The driver, two passengers, and the tug driver were taken to the hospital. Another LAX worker was injured but not hospitalized. They are believed to be in moderate condition, according to Fox News.
Overhead footage, taken by ABC 7 shows the driver being wheeled toward an ambulance with a head wound wrapped up.
Four people have been hospitalized after an empty American Airlines plane (left) struck a passenger bus (bottom right) on the taxiway at LAX
The plane was being towed to the parking area when the ‘slow-speed collision’ happened near the southside of the terminal around 10pm on Friday, injuring five and hospitalizing four
There was reportedly a lot of damage to the underside of the plane under the nose after the collision and video shows the front windows on the bus with deep cracks.
An investigation into the crash has been opened.
Last month an American Airlines plane narrowly avoided slamming into a Delta plane going 115mph during takeoff at JFK last month.
The Boeing 737 was traveling at 115mph down a runway at the New York airport at around 8.45pm when an air traffic controller noticed that the American Airlines flight to the UK crossed from an adjacent runway right in front of the departing plane, ABC 7 reports.
Air Traffic Control had told the American Airlines flight to cross ‘runway 31L at Kilo’ but instead crossed runway 4 Left at Juliet, crossing directly in front of the departing Delta flight.
The driver (pictured) was seen being escorted to an ambulance with a head injury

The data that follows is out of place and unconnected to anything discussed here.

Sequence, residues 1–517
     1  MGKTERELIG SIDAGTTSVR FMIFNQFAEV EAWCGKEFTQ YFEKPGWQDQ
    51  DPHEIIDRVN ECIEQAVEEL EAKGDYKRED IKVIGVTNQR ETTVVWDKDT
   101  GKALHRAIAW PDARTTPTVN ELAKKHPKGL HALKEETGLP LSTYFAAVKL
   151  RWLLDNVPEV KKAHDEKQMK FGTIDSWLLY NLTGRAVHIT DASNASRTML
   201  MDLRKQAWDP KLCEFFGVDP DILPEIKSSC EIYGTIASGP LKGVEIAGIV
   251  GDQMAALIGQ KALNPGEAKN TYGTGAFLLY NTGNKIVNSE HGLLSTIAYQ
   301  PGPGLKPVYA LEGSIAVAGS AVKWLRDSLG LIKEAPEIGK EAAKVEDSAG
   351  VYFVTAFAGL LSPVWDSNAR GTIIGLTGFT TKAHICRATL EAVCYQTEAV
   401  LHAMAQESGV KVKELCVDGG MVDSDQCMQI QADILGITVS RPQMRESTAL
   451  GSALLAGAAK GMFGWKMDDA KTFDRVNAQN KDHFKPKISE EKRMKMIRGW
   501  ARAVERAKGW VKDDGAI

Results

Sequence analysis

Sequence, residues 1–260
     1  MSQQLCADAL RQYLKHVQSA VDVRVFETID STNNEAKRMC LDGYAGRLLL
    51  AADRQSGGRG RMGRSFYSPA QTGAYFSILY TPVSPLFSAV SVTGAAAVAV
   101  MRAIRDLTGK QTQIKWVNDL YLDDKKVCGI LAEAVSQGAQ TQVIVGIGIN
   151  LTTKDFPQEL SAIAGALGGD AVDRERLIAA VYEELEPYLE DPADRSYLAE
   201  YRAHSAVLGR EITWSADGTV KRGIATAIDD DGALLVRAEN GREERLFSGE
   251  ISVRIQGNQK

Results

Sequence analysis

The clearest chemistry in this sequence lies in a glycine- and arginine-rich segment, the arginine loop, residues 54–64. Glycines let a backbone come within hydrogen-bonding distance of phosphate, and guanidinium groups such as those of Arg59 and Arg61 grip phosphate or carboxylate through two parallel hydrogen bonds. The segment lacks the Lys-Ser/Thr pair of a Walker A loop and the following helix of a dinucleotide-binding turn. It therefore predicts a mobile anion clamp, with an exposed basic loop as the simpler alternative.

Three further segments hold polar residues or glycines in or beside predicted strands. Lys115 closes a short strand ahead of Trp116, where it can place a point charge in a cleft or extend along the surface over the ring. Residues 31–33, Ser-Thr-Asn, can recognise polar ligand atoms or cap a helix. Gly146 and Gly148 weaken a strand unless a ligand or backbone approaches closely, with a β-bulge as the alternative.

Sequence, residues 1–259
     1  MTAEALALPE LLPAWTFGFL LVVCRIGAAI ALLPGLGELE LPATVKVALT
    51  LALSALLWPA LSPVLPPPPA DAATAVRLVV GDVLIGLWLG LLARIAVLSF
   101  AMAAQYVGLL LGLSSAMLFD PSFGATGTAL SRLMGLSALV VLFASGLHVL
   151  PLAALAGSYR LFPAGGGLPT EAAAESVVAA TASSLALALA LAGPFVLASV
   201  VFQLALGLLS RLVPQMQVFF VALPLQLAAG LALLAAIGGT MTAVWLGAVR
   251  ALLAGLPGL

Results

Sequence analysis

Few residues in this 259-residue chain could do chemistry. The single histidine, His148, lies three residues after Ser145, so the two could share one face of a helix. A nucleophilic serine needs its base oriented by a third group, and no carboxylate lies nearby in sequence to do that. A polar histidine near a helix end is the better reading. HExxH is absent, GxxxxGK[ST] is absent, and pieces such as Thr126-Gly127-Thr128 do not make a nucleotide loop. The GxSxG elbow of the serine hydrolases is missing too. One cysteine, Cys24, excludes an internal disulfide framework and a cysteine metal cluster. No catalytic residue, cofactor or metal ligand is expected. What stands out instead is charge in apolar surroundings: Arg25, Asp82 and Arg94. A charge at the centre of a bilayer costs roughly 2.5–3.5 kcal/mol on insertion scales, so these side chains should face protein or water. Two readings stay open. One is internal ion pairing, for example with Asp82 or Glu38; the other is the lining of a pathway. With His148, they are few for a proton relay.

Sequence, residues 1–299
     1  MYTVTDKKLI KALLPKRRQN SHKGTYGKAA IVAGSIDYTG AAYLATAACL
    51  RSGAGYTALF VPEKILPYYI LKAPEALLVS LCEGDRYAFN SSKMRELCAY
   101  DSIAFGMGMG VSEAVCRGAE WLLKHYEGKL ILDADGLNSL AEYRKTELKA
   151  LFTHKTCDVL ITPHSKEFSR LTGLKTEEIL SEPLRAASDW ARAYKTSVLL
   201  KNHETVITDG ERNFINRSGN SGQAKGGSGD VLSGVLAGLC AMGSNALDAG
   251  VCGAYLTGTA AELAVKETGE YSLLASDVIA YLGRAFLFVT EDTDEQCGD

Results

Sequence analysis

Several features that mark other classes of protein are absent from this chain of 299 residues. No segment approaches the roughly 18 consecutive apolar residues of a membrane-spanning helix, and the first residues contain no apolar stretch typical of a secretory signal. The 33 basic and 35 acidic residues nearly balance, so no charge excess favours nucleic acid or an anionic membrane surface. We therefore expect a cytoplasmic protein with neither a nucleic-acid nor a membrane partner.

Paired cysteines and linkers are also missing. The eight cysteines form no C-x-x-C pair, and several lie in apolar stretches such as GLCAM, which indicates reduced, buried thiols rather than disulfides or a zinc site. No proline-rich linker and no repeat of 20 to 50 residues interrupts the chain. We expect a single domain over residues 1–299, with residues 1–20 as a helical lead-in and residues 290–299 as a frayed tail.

There was reportedly a lot of damage to the underside of the plane under the nose after the collision and video shows the front windows on the bus with deep cracks (pictured)
The Delta pilot was forced to abruptly brake, traveling another 661 feet before he came to a complete stop with just 1,000 feet to spare before the plane would have T-boned the American Airlines Boeing 777, the Federal Aviation Administration said in a preliminary statement.
It was then forced to return to the gate, and did not take off again until the next morning, while the American Airlines flight arrived in the UK on time.
A Delta pilot remained cool, calm, and collected, despite nearly colliding nose-first into the side of an American Airlines flight.
The unnamed pilot could be heard in audio recordings from the JFK air traffic control tower simply saying he will need to make a few phone calls about the nearly fatal crash.
‘Yeah, we’re gonna have to go somewhere, run a couple of checklists and probably make some phone calls for Delta 1943,’ the pilot says calmly.
LAX confirmed the collision on its Twitter page on Saturday morning
Earlier this month, a Boeing 767 FedEx cargo plane landing at Austin-Bergstrom International came within less than 100ft of a Southwest Airlines 737 aircraft that was taking off from the same runway.
Analysts say only the quick-thinking of the FedEx pilot prevented a collision.
The FedEx flight was several miles from the airport when it was cleared to land, according to the FAA.
But as it was about to touch down, an air traffic controller also gave the go-ahead for the Southwest Boeing 737 to take off on the exact same stretch of tarmac.
The Southwest flight to Cancun, Mexico still continued its takeoff even while the FedEx cargo plane was directly above it.
The Southwest jet was able to depart safely, according to the FAA.
FedEx said its flight ‘safely landed after encountering an event,’ but declined to comment further because of the ongoing investigations.